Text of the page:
Rebellion is the first feature-length documentary to tell the behind-the-scenes story of Extinction Rebellion (XR) from its launch in 2018.
The documentary, directed by Maia Kenworthy and Elena Sánchez Bellot and produced by Kat Mansoor, will launch in UK cinemas on 18 March and be available to stream on Netflix from 01 April.
Given unprecedented access, the filmmakers follow a diverse group of unlikely allies who have come together to confront the climate emergency, and depicts the highs and lows of the movement as they crash into the status quo – and each other.
In the decade since the financial crisis, action on climate change had slipped right down the political agenda.
In 2018 a new group emerged, Extinction Rebellion (XR), with a bold tactic to break through the deadlock: mass civil disobedience on a scale not seen for decades.
Rebellion follows the journey of XR co-founders as well as Farhana Yamin, an international environmental lawyer who played a key role in negotiating the Paris Climate Agreement, as she decides to break the law for the first time in her life.
After decades of UN climate negotiations, Farhana is determined to sound the alarm and see governments act.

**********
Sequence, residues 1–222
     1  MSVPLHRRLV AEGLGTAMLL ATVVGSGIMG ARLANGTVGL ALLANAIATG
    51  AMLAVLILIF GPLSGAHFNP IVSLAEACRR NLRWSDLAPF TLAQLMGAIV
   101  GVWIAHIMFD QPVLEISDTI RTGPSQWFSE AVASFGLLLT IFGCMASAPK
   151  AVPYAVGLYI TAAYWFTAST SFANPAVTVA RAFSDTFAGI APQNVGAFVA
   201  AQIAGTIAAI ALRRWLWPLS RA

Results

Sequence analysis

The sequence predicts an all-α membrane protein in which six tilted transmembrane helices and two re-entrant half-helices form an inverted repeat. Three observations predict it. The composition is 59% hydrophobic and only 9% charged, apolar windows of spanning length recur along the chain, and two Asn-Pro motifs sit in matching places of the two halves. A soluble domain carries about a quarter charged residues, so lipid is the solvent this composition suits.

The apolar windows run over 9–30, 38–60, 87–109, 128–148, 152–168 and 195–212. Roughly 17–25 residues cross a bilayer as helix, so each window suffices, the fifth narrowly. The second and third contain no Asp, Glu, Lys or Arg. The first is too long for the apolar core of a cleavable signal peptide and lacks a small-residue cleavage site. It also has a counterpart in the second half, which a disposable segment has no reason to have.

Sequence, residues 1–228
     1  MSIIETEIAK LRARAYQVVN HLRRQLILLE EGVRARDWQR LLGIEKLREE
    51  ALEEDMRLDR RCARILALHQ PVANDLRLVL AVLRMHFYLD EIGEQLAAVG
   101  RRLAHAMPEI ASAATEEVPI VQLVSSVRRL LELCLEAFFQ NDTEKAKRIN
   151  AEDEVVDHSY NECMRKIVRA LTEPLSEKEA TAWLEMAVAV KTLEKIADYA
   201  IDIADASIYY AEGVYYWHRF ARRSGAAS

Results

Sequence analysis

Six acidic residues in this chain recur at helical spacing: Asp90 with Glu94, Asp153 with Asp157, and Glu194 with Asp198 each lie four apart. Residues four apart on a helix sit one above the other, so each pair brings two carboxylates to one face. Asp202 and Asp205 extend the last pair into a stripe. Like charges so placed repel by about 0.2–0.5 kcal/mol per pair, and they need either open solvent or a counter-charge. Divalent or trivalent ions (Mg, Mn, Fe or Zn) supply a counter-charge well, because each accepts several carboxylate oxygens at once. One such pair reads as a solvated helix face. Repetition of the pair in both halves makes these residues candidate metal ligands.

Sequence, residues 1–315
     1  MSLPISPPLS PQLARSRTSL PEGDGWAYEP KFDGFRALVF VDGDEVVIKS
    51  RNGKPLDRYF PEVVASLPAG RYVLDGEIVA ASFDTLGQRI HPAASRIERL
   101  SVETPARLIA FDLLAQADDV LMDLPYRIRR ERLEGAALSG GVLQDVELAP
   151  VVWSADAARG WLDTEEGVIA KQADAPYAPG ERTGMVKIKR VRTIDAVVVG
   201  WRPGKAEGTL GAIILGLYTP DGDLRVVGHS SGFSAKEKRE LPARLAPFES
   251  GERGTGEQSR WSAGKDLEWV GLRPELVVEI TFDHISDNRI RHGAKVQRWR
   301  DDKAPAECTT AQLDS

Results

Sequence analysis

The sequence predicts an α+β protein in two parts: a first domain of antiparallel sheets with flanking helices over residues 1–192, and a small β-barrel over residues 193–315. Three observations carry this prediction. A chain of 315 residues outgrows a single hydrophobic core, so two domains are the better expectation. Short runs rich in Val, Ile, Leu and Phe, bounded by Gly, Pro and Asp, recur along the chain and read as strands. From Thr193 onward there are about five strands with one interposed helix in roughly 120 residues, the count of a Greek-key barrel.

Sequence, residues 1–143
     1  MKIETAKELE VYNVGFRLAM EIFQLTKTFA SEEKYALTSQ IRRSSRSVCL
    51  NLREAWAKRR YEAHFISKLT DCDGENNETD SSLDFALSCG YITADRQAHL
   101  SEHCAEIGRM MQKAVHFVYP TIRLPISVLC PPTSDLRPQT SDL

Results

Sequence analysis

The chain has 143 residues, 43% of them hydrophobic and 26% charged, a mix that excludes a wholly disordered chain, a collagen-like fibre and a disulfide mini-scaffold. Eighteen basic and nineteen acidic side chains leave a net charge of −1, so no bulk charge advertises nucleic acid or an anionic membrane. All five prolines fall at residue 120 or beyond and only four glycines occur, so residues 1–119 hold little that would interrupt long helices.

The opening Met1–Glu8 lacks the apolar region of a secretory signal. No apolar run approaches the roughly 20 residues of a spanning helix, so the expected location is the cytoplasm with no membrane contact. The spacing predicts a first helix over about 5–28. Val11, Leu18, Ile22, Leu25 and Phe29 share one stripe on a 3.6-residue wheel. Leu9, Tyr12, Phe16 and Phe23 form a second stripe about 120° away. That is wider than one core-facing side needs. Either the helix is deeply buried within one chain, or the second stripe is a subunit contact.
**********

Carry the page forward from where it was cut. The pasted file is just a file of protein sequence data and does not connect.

As Farhana says in the film: ‘I’d come into the UN system thinking it’s a fair fight – we’ve got science and law and economic analysis. But you had intensive lobbying from the fossil fuel industries, and the financial industries that support them, and it wasn’t a fair fight.’
In April 2019, XR brought London to a standstill as thousands took part in the biggest act of civil disobedience in modern British history.
Within days of the protests, a climate emergency was declared by the UK Parliament and climate change was propelled to the heart of public debate.
Many countries around the world, from Canada to Bangladesh, followed suit declaring emergencies. But rebelling has repercussions.
In the wake of XR protests we witnessed the backlash, as police blacklisted activists and the government pushed a new bill that threatened 10-year jail sentences for those causing ‘serious annoyance or inconvenience.’
Challenging the state is difficult. Keeping a movement together is even harder and, as XR became a global phenomenon, internal tensions appeared.
Clashing ideas and priorities emerged, culminating in XR Youth calling out the power imbalances of the group. For them, climate change is not just an environmental issue but is rooted in – and reinforces – social inequalities.
Rebellion crucially tells a story about the health of our own democracy. The moment of protest freedoms depicted in the film may soon be impossible.
The film’s release comes as parliament this month will debate the Police, Crime, Sentencing and Courts Bill that aims to curtail the space for non-violent protest. The Bill has been criticised by human rights campaigners as an attack on free speech and democracy.
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